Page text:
“It's tough, especially since we have approximately 20-some Olympians in our league, so to think that we have the top-end players playing in this league and some of them have to have side jobs because they're not able to support themselves, it's kinda frustrating,” Channell said. “You want to put all your time and effort into hockey if that's what you're leaning towards doing, but some people aren't able to do that because they have to pay for living, they have to pay for housing, they have to pay for all that.”
Balancing a combination of graduate school, work and their professional careers, the sport’s best players live a lifestyle far from the popular fantasy of elite professional athletes.
Forget sports cars. Many players’ salaries barely cover the cost of gas to get to the rink for practices and games, Channell said. Nightlife? Try nightly practices that can end as late as 10:30 or 11 p.m. even before the drive home, with another nine-to-five day of work the next morning.
For Lauren Williams, a former Badger and first overall pick of the 2018 CWHL draft to the Worcester Blades, weekdays with practice mean a 7 a.m. wakeup call for an internship and graduate school classes until 5:45 p.m. Practice is a 90-minute drive away and ends at 10:30, which often doesn’t get her back home until nearly 1 a.m.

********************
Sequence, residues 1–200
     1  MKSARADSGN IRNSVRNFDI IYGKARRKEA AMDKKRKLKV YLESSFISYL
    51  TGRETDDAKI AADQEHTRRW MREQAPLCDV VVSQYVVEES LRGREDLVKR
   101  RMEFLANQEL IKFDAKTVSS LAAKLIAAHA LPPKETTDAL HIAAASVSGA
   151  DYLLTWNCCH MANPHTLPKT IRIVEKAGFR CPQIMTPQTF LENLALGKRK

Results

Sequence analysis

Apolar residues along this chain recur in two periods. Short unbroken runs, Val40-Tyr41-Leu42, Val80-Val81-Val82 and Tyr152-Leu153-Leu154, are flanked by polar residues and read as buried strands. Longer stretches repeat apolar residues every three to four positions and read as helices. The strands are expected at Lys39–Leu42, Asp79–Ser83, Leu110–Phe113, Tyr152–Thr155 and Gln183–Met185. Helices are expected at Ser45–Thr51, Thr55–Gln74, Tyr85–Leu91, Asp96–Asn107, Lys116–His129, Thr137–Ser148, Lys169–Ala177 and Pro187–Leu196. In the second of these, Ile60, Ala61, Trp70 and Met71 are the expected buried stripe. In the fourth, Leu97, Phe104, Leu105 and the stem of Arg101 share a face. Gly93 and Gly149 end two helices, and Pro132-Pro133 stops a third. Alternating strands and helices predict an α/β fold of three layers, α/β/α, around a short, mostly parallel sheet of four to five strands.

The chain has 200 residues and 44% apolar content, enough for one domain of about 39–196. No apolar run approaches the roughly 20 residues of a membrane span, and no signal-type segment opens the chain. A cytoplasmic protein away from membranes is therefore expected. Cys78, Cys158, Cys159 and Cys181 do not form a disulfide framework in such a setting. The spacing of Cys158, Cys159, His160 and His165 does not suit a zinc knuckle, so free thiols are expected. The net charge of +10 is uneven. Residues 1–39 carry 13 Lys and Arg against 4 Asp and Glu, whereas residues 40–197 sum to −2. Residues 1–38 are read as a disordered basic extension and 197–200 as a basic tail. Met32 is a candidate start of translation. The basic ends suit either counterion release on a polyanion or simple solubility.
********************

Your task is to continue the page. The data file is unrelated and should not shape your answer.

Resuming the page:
Playing professionally is a hard life, one that can be especially frustrating for athletes who are used to sports creating opportunities rather than closing them. Players who have based important life decisions around hockey, such as where to attend college, are suddenly forced to choose between their sport and their career. It’s a daunting choice, and the attrition rate in both professional leagues is high.
The length of a player’s career often comes down to factors beyond their control or their performance on the ice. Players whose professions aren’t compatible with the locations of the leagues’ franchises often find their playing days cut short. Support from parents or a spouse can extend it by a year or two. A major injury can be as good as forced retirement.